How to Use a Credit Card Responsibly2 min read
It’s no secret that credit card debt is a problem for many millennials. In fact, the average credit card debt for Americans aged 18-29 is $2200, and Australia’s data reports similar numbers. While it can be tempting to splurge on that new outfit or fancy dinner, it’s important to remember that credit card debt is real debt that must be paid off. With that in mind, here are some Money101 tips for using a credit card responsibly and avoiding falling into debt.
1. Know Your Credit Score
Your credit score is a number that lenders use to determine your creditworthiness – in other words, it’s a measure of how likely you are to repay a loan. The higher your credit score, the lower the interest rate you’ll be offered on a loan. Conversely, the lower your score, the higher the interest rate you’ll be charged. That’s why it’s so important to know your credit score and understand what factors impact it. You can get your credit score for free from many websites.
2. Make Timely Payments
One of the biggest mistakes you can make with a credit card is paying your bill late. Not only will this result in late fees and increased interest charges, but it will also damage your credit score. When you’re trying to use your credit card responsibly, be sure to set up autopay so you never miss a payment.
3. Keep Your Balance Low
Another factor that impacts your credit score is your credit utilisation ratio – in other words, the amount of available credit you’re using at any given time. As a general rule of thumb, experts recommend keeping this ratio below 30%. So, if you have a credit limit of $1000, you should aim to keep your balance below $300 at all times. Keeping a low balance will also help you avoid paying interest on your purchases (more on that later).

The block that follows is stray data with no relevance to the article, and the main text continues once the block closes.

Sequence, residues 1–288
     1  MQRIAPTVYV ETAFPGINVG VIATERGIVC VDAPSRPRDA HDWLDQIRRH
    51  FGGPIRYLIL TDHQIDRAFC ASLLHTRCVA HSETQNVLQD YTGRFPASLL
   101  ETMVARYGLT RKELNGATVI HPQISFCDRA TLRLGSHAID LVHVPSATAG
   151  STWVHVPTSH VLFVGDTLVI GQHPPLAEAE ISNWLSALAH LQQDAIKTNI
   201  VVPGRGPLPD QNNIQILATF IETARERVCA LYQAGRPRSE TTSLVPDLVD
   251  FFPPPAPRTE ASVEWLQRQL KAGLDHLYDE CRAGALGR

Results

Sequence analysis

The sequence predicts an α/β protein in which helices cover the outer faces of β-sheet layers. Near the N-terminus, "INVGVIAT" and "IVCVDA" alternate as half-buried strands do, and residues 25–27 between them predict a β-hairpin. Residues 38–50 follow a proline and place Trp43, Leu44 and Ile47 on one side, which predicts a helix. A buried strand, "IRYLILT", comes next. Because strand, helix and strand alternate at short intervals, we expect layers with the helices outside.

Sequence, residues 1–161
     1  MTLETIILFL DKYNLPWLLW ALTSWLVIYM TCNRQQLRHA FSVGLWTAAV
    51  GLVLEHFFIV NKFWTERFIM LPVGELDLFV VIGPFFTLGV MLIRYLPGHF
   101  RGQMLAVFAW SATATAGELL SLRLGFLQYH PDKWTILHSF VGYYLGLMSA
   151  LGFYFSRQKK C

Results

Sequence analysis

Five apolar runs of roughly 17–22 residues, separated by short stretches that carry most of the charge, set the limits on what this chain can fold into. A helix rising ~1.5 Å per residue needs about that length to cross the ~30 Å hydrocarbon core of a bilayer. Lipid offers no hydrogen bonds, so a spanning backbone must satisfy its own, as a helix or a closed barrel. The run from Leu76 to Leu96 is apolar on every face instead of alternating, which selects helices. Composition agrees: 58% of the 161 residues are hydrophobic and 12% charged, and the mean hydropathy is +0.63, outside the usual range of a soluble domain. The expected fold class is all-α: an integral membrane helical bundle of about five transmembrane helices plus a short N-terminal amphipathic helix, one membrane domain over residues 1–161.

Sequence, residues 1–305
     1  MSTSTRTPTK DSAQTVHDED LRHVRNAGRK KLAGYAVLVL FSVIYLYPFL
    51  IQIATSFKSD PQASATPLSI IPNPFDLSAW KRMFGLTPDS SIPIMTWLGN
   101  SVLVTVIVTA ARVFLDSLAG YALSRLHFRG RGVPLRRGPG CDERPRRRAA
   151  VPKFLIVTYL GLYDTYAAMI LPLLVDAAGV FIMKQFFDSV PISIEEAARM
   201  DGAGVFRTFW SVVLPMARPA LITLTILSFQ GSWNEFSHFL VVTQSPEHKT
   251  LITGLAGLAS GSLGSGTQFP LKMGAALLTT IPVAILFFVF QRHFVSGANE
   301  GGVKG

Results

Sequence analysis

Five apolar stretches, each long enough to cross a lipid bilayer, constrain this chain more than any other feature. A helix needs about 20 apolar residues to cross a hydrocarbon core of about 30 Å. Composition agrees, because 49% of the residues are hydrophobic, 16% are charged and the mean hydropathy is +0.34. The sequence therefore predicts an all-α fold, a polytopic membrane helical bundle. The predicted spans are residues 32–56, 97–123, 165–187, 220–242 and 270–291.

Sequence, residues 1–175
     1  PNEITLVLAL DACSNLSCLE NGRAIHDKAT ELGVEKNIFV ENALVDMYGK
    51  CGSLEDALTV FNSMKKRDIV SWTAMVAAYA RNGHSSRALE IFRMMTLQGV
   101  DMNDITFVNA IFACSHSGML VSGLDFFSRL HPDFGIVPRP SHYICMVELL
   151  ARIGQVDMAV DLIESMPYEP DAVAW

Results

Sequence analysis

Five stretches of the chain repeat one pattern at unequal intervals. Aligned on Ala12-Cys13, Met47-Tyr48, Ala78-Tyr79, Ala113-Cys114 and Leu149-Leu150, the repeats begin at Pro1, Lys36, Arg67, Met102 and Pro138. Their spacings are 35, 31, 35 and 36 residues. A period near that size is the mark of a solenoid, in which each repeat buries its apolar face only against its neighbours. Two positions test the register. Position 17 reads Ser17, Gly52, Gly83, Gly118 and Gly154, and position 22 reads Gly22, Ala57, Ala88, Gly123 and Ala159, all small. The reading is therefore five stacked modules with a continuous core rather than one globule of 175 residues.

4. Understand Interest Charges
Credit cards typically charge interest on any outstanding balances – that is, any balance that isn’t paid off in full each month. The annual percentage rate (APR) is the interest rate charged by your credit card issuer on an annual basis. For example, if your APR is 18%, you’ll be charged 18% interest on any outstanding balances each year. It’s important to understand how interest charges work because they can quickly add up and put you in debt if you’re not careful!
Take these tips on-board and you’ll be on the road to success
By following these simple tips, you can avoid falling into debt and begin building a solid foundation for financial success. Remember: knowledge is power when it comes to managing your money! If you take the time to educate yourself about personal finance basics like credit scores and interest rates, you’ll be well on your way to achieving your financial goals. Good luck!